What Jordanian pilot’s slaying really showed was how scared ISIL is of their enemies in the sky.
Jordan is grieving. We can see it on the streets of Amman, outside the embassies of Washington and London, in the media, and on Twitter. New York Times journalist Nicholas Kristof refrained from sharing pictures that showed Moaz al-Kassasbeh burning to death. Instead, he shared a picture of the 26-year-old pilot smiling, with a caption that read: “This is how we should remember Moaz.”
On Thursday, Jordanian jets carried out air strikes against areas controlled by the Islamic State of Iraq and the Levant (ISIL). The locations were not specified, but the Jordan Times reported that the bombs were mostly dropped over the Syrian province of Raqqa. This may be the beginning of what has been promised to be an ugly quest for revenge in the name of our Jordanian pilot.
As a Jordanian, I refuse to use Moaz al-Kassasbeh as an excuse to legitimise a war. I refuse to consider Moaz’s death as an opportunity to sway a population to support a military intervention that we as a people did not sign up for – a military intervention that we initially considered controversial as it asks us to strike another Arab country that is home to civilians just as much as it is to terrorists.
Painful but inevitable
For the past six months, the United States and its coalition forces, which include Jordan, have carried out 1,689 air strikes in Iraq and Syria. According to a paper published by Brookings Institute, Operation Inherent Resolve has so far waged attacks against more than 3,200 ISIL targets. Prior to the death of our pilot, we considered the US strategy of bombing away extremism to be naive and short-sighted.
Let us remember that for the past six months, our country has been at war. A war that our public was not engaged in, partly because we did not approve of it, and partly because as a public we have become accustomed to political disengagement.
We have been involved in this military intervention as early as August 8, and did not understand fully what it actually meant to be part of a military intervention. Fighting a war means that casualties are inevitable. No matter how sophisticated our technology may be, the concepts of war and loss are synonymous. Losing Moaz is painful, but it was also inevitable.
Therefore, when we ask for revenge and rally for bombing the areas controlled by ISIL, let us keep in mind that we are consenting to participate in a war. This does not merely involve abstract soldiers striking abstract areas from their safe airspace; it actually means sending young Jordanians to risk their lives to die, it means risking future retaliation through terrorist attacks, it means allowing the government to assist the US in another one of its attempts to “combat” a force that they can not understand in the first place.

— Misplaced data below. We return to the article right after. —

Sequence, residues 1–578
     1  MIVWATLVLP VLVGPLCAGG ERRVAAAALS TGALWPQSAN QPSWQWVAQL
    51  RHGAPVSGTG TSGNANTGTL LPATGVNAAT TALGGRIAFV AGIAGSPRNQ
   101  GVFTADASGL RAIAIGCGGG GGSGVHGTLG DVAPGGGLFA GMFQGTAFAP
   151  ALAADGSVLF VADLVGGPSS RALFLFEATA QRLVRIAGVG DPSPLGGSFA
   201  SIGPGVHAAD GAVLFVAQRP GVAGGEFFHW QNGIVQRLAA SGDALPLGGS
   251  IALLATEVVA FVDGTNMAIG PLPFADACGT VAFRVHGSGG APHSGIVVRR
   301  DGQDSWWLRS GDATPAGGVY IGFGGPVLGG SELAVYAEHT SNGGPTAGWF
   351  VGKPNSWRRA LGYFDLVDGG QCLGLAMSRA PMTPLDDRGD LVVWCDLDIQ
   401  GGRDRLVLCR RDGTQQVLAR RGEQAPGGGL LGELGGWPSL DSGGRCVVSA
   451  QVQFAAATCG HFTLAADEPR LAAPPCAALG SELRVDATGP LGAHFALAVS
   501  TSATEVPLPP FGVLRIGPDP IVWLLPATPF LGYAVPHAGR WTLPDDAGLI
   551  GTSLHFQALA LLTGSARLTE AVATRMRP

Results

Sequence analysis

Are we ready for war?
When the US experienced 9/11, the Bush administration used the sentiments of a grieving population to their advantage and advocated for military intervention in Afghanistan and Iraq. By 2004, the US media began calling the war “a mistake”. Therefore, we should be asking ourselves, are we as a public ready to go to war? If the answer is yes, then we should probably prepare ourselves to lose many more soldiers.
... Let us be honest with ourselves and ask, can we, as a public, trust our governments to keep us involved in the conversation after they obtain our support for a military intervention?
More importantly, let us be honest with ourselves and ask, can we, as a public, trust our governments to keep us involved in the conversation after they obtain our support for a military intervention? Will our media be able to keep us informed with the actual facts on the battlefield? Will our citizenry be allowed to lobby for us to end the war if we make the same American mistake and realise a few years down the line that our war has only given birth to more extremism?
Let us remember that being involved in a war will mean taking giant steps back in our already limited freedoms as a nation. It will mean a decline in political transparency (or at least whatever is left of it), and an increase in justifications to cut back on press freedom and political participation. Can we afford to head in that direction?
Legitimising another war
Therefore, as we ask for revenge and cheer for air strikes, are we really remembering Moaz al-Kassasbeh? Are we actually stopping the sickening trend of atrocities that wears the superficial banner of Islamic extremism? Or are we simply legitimising another war that the people of our region are too worn out to fight.
The Iraqi people of Anbar province – Sajida al-Rishawi’s village that is now an ISIL stronghold – were once part of the Sahwa militias that were created to assist Nouri al-Maliki’s troops in combating Islamic extremism. They endured almost six years of a US military invasion and a government that could not stand up for them before they decided to switch sides and fight with ISIL. They were direct recipients of the US’ post 9/11 quest for revenge.
Moaz al-Kassasbeh has brought Jordanians together regardless of religion, background, or political ideology. Let us honour him in ways that show commitment to pluralism, tolerance, and justice. After all, they are three things that go directly against everything ISIL stands for.
Sara Obeidat is a Jordanian journalist. She has worked on development and human rights projects for the Middle East, with a focus on Syrian refugees.
The views expressed in this article are the author’s own and do not necessarily reflect Al Jazeera’s editorial policy.